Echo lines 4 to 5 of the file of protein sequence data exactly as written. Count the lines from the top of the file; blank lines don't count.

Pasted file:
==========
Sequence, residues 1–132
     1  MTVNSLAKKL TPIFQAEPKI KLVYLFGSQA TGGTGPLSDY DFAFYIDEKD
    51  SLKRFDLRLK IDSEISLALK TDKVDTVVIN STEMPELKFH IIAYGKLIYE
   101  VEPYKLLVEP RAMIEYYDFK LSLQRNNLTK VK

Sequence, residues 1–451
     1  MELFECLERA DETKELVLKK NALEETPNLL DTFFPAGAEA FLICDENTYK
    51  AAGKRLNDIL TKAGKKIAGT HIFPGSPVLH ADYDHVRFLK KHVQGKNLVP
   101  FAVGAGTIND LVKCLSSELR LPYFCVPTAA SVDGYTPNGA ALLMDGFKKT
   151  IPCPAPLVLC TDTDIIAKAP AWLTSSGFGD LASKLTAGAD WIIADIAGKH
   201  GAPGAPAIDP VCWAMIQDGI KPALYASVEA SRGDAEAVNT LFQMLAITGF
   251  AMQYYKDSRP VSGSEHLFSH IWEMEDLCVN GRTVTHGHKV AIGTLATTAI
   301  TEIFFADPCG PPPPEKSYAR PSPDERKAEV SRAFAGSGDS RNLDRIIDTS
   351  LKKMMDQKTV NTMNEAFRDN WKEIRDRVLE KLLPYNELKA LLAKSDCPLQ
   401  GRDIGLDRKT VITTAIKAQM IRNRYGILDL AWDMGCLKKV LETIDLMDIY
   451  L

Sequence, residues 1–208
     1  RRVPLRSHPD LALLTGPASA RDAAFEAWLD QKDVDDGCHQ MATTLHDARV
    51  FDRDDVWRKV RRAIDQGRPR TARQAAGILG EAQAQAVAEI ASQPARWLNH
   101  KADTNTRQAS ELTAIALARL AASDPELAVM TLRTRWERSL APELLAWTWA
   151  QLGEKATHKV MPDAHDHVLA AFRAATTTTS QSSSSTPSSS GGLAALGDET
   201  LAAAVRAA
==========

   101  VEPYKLLVEP RAMIEYYDFK LSLQRNNLTK VK

Sequence, residues 1–451